In a further advantageous embodiment of the invention, there is provision for the operator to configure the processing sequence for individual processing steps. Thus, the operator may make a setting on the device so that the sequence of orders is always so selected that orders requiring preview are demoted since the operator knows from the outset that he/she has no time for the preview at the moment. Another possibility here, for example, is to process all images at one time in which face recognition and correction procedures such as, for example, color correction of the faces, must be performed so that the operator can control all of them sequentially in preview mode if desired.
It may also be advantageous, however, to have the processing sequence optimized by a control device. The control device monitors the current capacity of the processing station at which the processing steps are performed, the availability of orders to be processed, and the load at output devices. Based on these data, the control device is capable of selecting the processing sequence of the incoming orders so that all orders may be processed in the minimum overall time. Depending on operator input, the control device may also be so configured that an optimal processing sequence is achieved when the output device is always loaded to capacity, or when a specific type of order is to receive preferential treatment. Further combinations are possible here that may be given to the control device in order to optimize the processing sequence.
For a full understanding of the present invention, reference should now be made to the following detailed description of the preferred embodiments of the invention as illustrated in the accompanying drawings.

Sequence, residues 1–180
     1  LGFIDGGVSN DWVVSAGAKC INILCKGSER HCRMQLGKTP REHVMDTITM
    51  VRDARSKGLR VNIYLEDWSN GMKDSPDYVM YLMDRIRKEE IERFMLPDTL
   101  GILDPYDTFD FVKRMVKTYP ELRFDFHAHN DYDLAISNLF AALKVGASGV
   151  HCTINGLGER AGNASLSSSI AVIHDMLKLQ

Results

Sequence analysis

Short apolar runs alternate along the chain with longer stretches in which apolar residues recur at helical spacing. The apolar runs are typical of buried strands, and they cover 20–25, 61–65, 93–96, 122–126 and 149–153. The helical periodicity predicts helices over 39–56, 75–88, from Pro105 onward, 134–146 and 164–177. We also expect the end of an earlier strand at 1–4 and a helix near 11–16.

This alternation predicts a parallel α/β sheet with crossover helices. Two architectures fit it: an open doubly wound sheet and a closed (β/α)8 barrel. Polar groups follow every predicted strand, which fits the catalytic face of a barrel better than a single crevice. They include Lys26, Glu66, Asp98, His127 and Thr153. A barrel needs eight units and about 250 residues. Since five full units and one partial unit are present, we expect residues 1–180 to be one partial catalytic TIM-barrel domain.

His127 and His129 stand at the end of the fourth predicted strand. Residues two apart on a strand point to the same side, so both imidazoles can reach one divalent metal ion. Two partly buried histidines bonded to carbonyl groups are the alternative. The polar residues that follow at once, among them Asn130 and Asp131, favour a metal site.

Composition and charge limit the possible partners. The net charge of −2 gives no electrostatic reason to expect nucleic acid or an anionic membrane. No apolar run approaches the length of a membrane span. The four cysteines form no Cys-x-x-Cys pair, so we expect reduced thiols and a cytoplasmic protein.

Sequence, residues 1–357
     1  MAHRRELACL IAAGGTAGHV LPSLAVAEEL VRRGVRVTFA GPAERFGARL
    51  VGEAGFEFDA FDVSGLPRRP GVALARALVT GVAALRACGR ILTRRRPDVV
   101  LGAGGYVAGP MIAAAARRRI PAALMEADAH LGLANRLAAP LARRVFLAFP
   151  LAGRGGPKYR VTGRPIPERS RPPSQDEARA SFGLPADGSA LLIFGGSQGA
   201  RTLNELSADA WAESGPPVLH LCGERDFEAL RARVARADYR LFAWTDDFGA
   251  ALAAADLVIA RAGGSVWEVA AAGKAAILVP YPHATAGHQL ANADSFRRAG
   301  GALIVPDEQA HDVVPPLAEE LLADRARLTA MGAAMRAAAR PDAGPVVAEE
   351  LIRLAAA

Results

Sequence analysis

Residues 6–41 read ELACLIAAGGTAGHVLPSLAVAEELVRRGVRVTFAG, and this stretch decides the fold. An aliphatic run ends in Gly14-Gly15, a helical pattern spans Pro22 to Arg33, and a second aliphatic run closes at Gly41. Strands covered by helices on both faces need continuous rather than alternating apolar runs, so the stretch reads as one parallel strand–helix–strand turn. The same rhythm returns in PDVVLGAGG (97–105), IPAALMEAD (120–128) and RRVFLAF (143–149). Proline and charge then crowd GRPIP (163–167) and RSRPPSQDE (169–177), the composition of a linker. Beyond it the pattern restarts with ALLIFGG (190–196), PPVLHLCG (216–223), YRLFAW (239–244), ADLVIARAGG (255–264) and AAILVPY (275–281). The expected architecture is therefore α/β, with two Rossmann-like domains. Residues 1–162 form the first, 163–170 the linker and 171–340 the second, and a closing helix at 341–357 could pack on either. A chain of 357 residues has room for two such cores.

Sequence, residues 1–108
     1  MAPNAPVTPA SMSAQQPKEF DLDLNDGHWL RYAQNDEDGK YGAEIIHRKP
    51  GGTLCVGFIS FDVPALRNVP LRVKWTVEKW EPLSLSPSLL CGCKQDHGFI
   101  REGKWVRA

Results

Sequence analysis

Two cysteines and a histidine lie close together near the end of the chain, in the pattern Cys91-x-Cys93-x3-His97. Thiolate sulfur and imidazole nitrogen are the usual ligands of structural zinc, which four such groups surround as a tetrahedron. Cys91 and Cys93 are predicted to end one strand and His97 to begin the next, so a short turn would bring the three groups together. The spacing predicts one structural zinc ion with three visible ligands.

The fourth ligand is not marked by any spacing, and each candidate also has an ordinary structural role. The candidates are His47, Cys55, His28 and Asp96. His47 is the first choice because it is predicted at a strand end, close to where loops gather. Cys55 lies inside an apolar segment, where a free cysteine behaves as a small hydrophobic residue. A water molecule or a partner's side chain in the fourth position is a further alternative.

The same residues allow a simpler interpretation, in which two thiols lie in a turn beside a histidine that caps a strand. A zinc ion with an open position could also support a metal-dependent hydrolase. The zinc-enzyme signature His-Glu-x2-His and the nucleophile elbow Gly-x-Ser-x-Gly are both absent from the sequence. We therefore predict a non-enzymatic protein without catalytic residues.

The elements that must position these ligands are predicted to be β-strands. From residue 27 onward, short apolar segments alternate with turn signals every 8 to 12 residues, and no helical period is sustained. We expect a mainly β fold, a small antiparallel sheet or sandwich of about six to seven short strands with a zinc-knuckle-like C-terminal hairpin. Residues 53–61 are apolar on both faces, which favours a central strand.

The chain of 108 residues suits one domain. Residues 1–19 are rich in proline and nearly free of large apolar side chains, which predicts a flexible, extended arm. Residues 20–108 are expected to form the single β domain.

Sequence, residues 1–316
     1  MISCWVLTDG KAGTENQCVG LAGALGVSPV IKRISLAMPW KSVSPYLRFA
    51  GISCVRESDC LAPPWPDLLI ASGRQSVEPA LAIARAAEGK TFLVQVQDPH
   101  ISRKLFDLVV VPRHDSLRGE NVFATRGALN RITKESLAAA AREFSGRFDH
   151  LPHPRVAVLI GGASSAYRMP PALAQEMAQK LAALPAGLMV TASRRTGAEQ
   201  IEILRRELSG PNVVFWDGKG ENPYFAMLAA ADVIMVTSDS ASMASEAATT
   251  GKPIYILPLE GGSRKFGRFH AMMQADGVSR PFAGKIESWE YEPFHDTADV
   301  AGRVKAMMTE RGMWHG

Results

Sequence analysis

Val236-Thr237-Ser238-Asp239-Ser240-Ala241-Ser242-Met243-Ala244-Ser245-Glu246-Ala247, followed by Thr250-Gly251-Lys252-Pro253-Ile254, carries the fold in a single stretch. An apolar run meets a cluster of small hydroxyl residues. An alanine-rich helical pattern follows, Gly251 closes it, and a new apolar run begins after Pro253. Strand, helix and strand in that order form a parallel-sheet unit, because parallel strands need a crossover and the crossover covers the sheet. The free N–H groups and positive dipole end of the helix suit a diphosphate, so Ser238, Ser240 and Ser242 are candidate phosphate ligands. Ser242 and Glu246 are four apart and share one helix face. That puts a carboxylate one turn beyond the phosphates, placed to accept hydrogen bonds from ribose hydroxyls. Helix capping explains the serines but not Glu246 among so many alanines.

A scanner 3 is located in the digital mini-lab by means of which conventional films are sampled and digital image-data files are created. The image data sets A2 and A3 are subjected to scanner correction after being sampled at the scanner 3. During this correction, systematic errors of the sampling device 3 such as, for example, differing sensitivities of individual sensor elements, are corrected and scratch correction is performed during which the image data are correlated with an infra-red scan performed in parallel in a conventional manner. These image data corrected at input are also stored with pertinent order data in the input buffer 2 as orders A2 and A3. The operator may select the order data for these image data on the user screen before the films are sampled. Furthermore, the digital mini-lab is connected with the Internet, by means of which orders A5 and A6 are transferred by the end customer via a direct network 4. These orders are processed either in the network or upon entrance into the digital mini-lab. This input processing of digital data consists especially of decompression. Several orders A1 to A6 are located in sequence at the input buffer 2. The input orders may now be rearranged at the input buffer 2 of the digital mini-lab in a sequence of A1, A2, A4, A5, A6, A3. Output characteristics, for example, may be taken into account when the processing sequence is established. It may, for example, be useful to move to the end of the processing sequence an order A3 that requires formatting the prints for paper that cannot be realized with the paper currently in the digital mini-lab. As soon as the processing sequence is established, the orders are processed at a first processing stage or step 5 that is mandatory for all orders, such as for example contrast compensation or focus enhancement. Several processing steps may occur here in sequence. After the processing step 5 is complete, the orders are again stored in a buffer 6. After this joint processing step 5 that is mandatory for all orders, an optional processing stage or step 7 is provided that, for example, consists of red-eye correction. Only those order data of orders A1, A4, and A3 indicate that these orders must be subjected to red-eye correction. Thus; these orders are transferred to another buffer 8 in order to perform red-eye recognition 7 on them. It is also possible that the orders remain in the buffer 6 for awhile, and from there only those orders are forwarded to the processing stage or step 7 for which red-eye correction is indicated. Thus, an additional buffer 6 may be obviated. While these orders A1, A4, and A3 of the series are subjected to a red-eye recognition procedure, based on the invention, the other orders for which this processing step is not required (orders A2, A5, and A6) are subjected to the next processing stage or step 9. In processing stage/step 9, which for example may consist of color correction, order A2 is processed first since A1 is being investigated in stage/step 7 for red eyes. In buffer 10, in which the orders processed in stage/step 9 are stored, order A2 is established as the first order. The processing sequence thus changed between the buffers 6 and 10. If red-eye correction is very time consuming, during the time when A1 is corrected, another order A5 may undergo color correction in processing stage/step 9. While color correction was being performed on A5, order A1 was corrected in stage/step 7, and can be the next to undergo color correction in stage/step 9. Thus, order A1 is stored in buffer 10 as the next for further processing.